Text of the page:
Right to Privacy
In June 2013, disclosures made by the US whistleblower Edward Snowden revealed that the security services in the USA and the UK were routinely accessing the communications of millions of people through previously secret programmes. These disclosures raised widespread concern, both among the public and specialist non-governmental organisations.
Doughty Street barristers were instructed by Amnesty International in a claim against the UK Security Services before the Investigatory Powers Tribunal (IPT) over concerns that the organisation’s communications had been unlawfully accessed by the UK intelligence services. The IPT was established in October 2000 to oversee UK intelligence services. Most IPT hearings are conducted behind closed doors and of the 1,673 complaints it had determined by the end of 2013, only 10 were upheld – none of them against UK intelligence services. Amnesty International also instructed Doughty Street barristers to draft a challenge in relation to accessing legally privileged material.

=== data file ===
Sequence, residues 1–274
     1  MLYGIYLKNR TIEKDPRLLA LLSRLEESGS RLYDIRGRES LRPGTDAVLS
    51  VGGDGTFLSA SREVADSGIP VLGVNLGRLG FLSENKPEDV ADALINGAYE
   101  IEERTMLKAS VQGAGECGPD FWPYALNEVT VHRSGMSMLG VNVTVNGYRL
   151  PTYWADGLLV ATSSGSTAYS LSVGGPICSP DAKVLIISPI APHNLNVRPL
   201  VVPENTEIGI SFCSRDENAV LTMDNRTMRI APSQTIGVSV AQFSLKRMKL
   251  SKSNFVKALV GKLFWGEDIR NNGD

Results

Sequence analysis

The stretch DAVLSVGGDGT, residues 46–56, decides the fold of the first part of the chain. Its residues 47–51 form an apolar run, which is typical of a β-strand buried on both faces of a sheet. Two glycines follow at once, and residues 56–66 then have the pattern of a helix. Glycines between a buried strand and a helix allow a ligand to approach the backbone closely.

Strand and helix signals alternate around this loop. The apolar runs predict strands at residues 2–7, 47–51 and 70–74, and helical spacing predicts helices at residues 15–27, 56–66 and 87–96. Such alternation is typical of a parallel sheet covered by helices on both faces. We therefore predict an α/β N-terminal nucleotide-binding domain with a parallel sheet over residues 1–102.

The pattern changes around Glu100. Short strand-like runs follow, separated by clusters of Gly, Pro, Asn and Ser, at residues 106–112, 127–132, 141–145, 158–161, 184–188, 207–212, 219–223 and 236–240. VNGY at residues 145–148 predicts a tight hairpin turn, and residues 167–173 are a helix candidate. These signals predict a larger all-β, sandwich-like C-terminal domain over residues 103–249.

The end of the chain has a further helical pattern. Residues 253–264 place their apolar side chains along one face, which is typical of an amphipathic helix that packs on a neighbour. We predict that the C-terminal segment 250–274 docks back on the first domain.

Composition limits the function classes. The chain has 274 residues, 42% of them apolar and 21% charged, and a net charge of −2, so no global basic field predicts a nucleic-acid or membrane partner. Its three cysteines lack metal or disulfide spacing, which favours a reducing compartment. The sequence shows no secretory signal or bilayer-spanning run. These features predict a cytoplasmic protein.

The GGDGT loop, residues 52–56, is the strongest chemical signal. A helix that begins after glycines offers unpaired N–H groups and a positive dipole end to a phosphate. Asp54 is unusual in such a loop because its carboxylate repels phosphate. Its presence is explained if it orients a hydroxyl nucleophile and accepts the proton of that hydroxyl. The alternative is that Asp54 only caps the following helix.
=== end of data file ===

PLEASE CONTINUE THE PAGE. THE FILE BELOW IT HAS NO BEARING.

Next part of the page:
The IPT ultimately rejected Amnesty’s claim, and its criticisms of the oversight of the intelligence services, but it was only a matter of months before similar criticism could be found in David Anderson QC’s independent report, A Question of Trust. Significant changes to this regime are now contained within the Draft Investigatory Powers Bill.
Subsequently two parliamentarians, Caroline Lucas MP and Baroness Jenny Jones, also turned to Doughty Street for assistance in an IPT claim. Their goal was clarification of the ‘Wilson doctrine’ – a promise made by successive Prime Ministers that MPs would not be subject to surveillance. When the IPT held that the Wilson Doctrine had no legal effect, the case raised an outcry in Parliament. The Prime Minister then voluntarily offered to put in place many of the safeguards for which Caroline Lucas and Baroness Jones had sought in their IPT challenge.
As the Draft Investigatory Powers Bill makes its way through Parliament, Doughty Street remains at the forefront of groundbreaking legal arguments to ensure that interception is carried out in accordance with the law.
For more information about Doughty Street’s work in this area please see our human rights team page.